In recent years workforces have become increasingly mobile, with employees using laptops at home, airports, cafes etc. Then, with the onset of COVID-19, the number of people accessing corporate resources from devices outside the corporate network increased enormously. All the expectations are that these work patterns are here to stay.
This trend has increased the risks, and the security challenges for IT, enormously. Where a good firewall could protect everything within the corporate network, there are now a huge number of endpoints outside the core environment that can be compromised by cybercriminals to gain access to valuable and sensitive company data and business critical applications.
And, thanks to the now widespread use of cloud computing services, some company data and applications — and the traffic to and from them — are completely outside corporate networks.
To counter threats that seek to compromise endpoints many vendors have developed endpoint detection and response (EDR) tools. These are able to detect and block attacks on endpoints, and are an essential element of any cybersecurity strategy. However, if the attacker is successful in moving beyond that point of entry, they provide little help to security teams who need to understand exactly what an attack seeks to achieve and how it is propagating so they can take steps to neutralise it expeditiously. To achieve these outcomes requires the use of extended detection and response (XDR) tools.
The challenge of securing distributed environments
While EDR can provide a valuable first line of defence against cyber attacks, there are limitations to the amount of context it can provide for complex attacks. Once that first line is breached and the threat has propagated beyond its point of entry, it is essential to have network-wide visibility to understand the extent and impact of the attack. It is also necessary to be able to look back in time, to identify the point and time of entry and track the subsequent progress of the attack.
These goals can only be achieved by analysing the large volumes of data generated across the network over time. And this is a race against time: to understand the nature of an attack and implement countermeasures before it can do damage.
It is quite likely different countermeasures will be needed to neutralise the threat in different parts of the system, and protect data in multiple locations. It is equally likely that management responsibility for these will reside in different business silos.
All these factors make it difficult to effectively understand and counter an attack sufficiently rapidly to prevent it doing damage. Effective extended detection and response (XDR) tools can help organisations overcome all these challenges.
XDR is a suite of tools that act in concert to gather data about an attack, analyse that data and provide actionable insights to enable IT teams to understand the nature of the attack, what it is trying to achieve, to forestall its intent and neutralise it by automating countermeasures as much as possible.
XDR tools enhance EDR with telemetry from the network and identity and access management systems. They bring all this information together, use AI tools and human intelligence to analyse and correlate data to detect network events that could indicate an attack, such as lateral movement, anomalous connections, data exfiltration and malicious software, and put this the information onto a single console.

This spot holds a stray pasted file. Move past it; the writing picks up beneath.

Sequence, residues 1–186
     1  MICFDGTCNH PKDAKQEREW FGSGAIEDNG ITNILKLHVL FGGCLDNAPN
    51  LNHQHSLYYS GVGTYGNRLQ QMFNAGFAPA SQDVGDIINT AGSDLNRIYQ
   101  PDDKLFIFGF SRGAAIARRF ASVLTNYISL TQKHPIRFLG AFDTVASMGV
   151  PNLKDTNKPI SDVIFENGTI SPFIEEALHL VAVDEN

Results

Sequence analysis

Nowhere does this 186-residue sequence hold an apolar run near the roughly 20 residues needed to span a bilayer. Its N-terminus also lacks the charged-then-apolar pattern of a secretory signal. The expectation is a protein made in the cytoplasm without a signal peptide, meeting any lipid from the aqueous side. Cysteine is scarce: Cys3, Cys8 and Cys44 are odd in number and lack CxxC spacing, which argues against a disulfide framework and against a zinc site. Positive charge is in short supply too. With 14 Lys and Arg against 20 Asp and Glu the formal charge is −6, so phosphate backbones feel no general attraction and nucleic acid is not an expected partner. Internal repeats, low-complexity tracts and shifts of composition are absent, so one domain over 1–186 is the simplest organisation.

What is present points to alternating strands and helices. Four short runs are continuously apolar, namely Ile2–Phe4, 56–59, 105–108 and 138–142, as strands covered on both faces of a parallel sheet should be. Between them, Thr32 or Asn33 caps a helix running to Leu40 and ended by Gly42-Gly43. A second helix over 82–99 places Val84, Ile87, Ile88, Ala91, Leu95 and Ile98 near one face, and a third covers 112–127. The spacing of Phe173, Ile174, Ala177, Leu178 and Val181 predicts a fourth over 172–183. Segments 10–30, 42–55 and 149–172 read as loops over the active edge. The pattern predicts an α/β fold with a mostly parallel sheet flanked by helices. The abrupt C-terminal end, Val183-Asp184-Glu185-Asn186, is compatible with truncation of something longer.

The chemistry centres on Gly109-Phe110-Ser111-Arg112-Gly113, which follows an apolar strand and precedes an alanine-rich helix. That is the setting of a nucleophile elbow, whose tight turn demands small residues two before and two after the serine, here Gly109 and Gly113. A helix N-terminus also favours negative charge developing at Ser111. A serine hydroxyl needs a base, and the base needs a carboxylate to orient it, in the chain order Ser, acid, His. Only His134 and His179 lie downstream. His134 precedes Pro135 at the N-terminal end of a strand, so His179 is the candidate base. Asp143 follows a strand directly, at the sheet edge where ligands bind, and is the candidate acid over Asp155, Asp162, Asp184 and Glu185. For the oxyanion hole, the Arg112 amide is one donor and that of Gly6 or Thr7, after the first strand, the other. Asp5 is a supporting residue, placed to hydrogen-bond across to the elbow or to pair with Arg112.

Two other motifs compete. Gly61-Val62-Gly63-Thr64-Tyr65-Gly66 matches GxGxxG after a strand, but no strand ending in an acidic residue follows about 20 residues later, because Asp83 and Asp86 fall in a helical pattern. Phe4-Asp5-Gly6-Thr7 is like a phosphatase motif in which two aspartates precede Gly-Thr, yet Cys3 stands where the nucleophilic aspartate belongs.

By gathering and analysing large volumes of data from endpoints, servers and the cloud XDR can filter out the noise and present security teams with only those alerts that require a priority response.
XDR’s comprehensive data gathering and analysis enables it to establish a baseline of normal behaviour in an environment and to block any abnormal behaviour enabling that behaviour to be investigated as a potential threat.
XDR gathers momentum
The concept of XDR is relatively new. The term was coined in 2018 and it has gained momentum rapidly. A November 2020 survey by Enterprise Strategy Group, The Impact of XDR in the Modern SOC, found more than two-thirds of organisations surveyed expecting to make XDR investments in the next six to 12 months. It said they saw XDR as having the potential to help them detect, identify and understand complex attacks across the kill chain.
The report’s authors concluded that XDR could be become a ‘SOC modernisation catalyst’ by improving threat detection and response and helping to integrate and automate security operations processes.
The growing realisation of the power of XDR is reflected in market forecasts. A March 2023 report from Research and Data forecast 20 percent CAGR in the XDR market, from $US755m in 2022 to almost $US4 billion by 2030. The report identified the rising sophistication and frequency of cyberattacks as key factors driving revenue growth.
Enhanced protection for today’s workplaces
While the rising sophistication and frequency of cyberattacks might be the main driver of the XDR market, there is no doubt the growing attack surface will be a factor as hybrid working becomes established as a permanent feature of the IT landscape.
In 2021, in the midst of the COVID-19 pandemic, a survey conducted by PwC found 55 percent of employees would prefer a hybrid model of working post-pandemic, and a report by McKinsey found 25 percent of workforces likely to be working remotely three to five days per week post-pandemic.
With the increasing scale and complexity of corporate networks and the growing frequency and sophistication of cyber attacks security teams will need XDR to rapidly gather and analyse vast amounts of data and deliver the insights and intelligence needed to rapidly understand and counter them.